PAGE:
Republicans at the hearing warned that Democrats in effect want price controls that would gut innovation by slashing industry spending on research and development of new drugs.

"I'm not convinced there's much constructive to be learned simply by comparing controlled prices under Medicaid and market prices under Part D, and labeling the entire difference a 'windfall,' " said the panel's ranking Republican, Thomas M. Davis III of Virginia.

Davis said Waxman's proposal of requiring that prices for the duals be no higher than that in Medicaid would be a "short-lived and painful" way to capture savings. "It would come at a far higher cost as other segments of the health care delivery system—employer and union plans, payments for the uninsured—absorbed the cost shifts inevitably generated by price controls."

The committee's minority staff countered Democrats with its own analysis, saying that providing duals with drug coverage through Part D gives them a better benefit.

The analysis noted that moving the duals back to Medicaid drug coverage "would likely be opposed by advocates of low-income seniors, dual-eligible seniors, and states. While the Medicaid program is required to cover a broad array of drugs, states have responded to budgetary concerns by using a number of tools that effectively limit access to certain prescription drugs or quantities of drugs."

Waxman replied to GOP warnings about the impact on research and development by saying the industry had plenty of money to innovate when the duals were getting big discounts on Medicaid.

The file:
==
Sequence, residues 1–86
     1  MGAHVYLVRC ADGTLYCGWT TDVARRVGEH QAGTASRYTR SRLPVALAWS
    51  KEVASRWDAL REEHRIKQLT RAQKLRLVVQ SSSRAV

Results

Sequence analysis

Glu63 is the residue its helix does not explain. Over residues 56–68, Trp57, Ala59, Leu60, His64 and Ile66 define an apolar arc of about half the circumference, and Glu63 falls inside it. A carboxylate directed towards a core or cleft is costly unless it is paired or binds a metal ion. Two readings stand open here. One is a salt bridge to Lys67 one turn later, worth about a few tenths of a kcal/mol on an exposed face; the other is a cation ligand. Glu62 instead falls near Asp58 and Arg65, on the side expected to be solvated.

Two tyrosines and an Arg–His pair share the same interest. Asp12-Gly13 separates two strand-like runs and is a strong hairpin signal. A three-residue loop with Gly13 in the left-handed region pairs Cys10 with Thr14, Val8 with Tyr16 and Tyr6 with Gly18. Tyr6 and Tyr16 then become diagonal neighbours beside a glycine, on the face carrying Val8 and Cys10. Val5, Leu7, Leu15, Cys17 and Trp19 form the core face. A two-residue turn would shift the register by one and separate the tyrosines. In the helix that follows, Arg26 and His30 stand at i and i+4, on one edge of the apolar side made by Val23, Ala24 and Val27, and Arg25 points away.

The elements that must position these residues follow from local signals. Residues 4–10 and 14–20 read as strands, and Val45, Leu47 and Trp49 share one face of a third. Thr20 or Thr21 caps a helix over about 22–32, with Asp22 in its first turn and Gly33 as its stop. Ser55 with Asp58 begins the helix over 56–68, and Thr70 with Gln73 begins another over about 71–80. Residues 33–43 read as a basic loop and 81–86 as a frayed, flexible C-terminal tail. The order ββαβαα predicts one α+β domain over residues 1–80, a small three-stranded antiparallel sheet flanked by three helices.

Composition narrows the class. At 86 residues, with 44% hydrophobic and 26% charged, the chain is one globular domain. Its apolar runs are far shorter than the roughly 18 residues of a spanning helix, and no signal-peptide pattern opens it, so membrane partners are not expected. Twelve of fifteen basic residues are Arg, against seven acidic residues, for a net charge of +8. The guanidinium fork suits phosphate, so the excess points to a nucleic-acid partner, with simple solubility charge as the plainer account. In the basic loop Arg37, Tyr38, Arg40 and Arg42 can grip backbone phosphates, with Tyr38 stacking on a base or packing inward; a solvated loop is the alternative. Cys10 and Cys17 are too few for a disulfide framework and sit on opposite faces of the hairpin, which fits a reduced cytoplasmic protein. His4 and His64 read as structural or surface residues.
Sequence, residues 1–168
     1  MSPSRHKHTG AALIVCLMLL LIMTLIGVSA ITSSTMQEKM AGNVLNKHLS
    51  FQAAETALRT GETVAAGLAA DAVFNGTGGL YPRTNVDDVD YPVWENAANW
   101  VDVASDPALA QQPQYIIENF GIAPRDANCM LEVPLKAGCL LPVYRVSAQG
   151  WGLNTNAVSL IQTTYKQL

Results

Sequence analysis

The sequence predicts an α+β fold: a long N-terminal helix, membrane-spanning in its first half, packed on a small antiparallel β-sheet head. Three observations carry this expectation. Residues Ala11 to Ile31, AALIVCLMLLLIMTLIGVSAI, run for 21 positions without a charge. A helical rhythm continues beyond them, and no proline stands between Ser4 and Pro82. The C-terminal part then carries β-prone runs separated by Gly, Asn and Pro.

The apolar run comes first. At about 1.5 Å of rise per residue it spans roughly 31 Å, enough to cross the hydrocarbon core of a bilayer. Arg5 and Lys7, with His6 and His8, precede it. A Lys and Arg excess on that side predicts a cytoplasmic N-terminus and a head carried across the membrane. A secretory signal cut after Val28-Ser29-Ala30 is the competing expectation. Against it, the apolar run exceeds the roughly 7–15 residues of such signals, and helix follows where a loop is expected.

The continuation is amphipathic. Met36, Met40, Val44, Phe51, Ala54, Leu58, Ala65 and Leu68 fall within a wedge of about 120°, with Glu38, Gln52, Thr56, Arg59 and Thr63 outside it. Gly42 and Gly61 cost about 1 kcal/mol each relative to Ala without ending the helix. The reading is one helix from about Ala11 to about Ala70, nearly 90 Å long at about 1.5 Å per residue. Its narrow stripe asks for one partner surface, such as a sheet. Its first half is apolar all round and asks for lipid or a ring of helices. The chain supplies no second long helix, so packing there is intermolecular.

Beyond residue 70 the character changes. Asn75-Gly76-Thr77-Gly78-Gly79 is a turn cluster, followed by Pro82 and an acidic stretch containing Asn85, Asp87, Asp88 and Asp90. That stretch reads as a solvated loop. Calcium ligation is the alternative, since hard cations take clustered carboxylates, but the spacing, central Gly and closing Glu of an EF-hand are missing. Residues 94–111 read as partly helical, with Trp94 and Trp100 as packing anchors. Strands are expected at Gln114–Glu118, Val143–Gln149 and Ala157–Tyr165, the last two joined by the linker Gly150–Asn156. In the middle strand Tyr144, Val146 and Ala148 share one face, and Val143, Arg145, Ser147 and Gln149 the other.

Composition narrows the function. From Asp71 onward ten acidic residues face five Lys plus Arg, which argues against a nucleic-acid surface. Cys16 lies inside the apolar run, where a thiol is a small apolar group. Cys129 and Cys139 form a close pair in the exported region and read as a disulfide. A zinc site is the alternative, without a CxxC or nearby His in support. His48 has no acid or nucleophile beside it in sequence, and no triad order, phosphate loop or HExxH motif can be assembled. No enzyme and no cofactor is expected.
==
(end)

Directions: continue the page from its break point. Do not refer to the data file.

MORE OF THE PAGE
A panel of academics at the hearing basically agreed when Rep. John F. Tierney, D-Mass, dismissed the idea that Medicaid level prices for the duals would undermine innovation.

The nation "could certainly go back to the Medicaid prices and not affect R&D dramatically," added University of Minnesota professor Stephen Schondelmeyer. Fiona M. Scott Morton, an economics professor at the Yale School of Management, said "I more or less agree" but suggested that a shift back for the duals would send a signal to venture capital firms that investing in pharmaceutical innovation might not be as inviting.

Morton also alluded to larger Democratic ambitions to lower prices in Medicare beyond the duals by having Medicaid prices for everyone in the Medicare program. That, she indicated, would have too big an impact on innovation. The question is "are we making a small shift for duals or are we making a big shift for everybody who's eligible for Medicare?"

Kerry Weems, acting chief the Centers for Medicare and Medicaid Services, responded to Democratic arguments about overspending on Part D by noting that it is spending almost 40 percent less than was originally projected when Congress debated the creation of the prescription drug benefit.

Weems added that the duals face fewer restrictions on quantities of drugs and have the "dignity" of having a choice of plans under Part D. Waxman countered that spending isn't as high as projected because enrollment in Part D isn't as high as projected.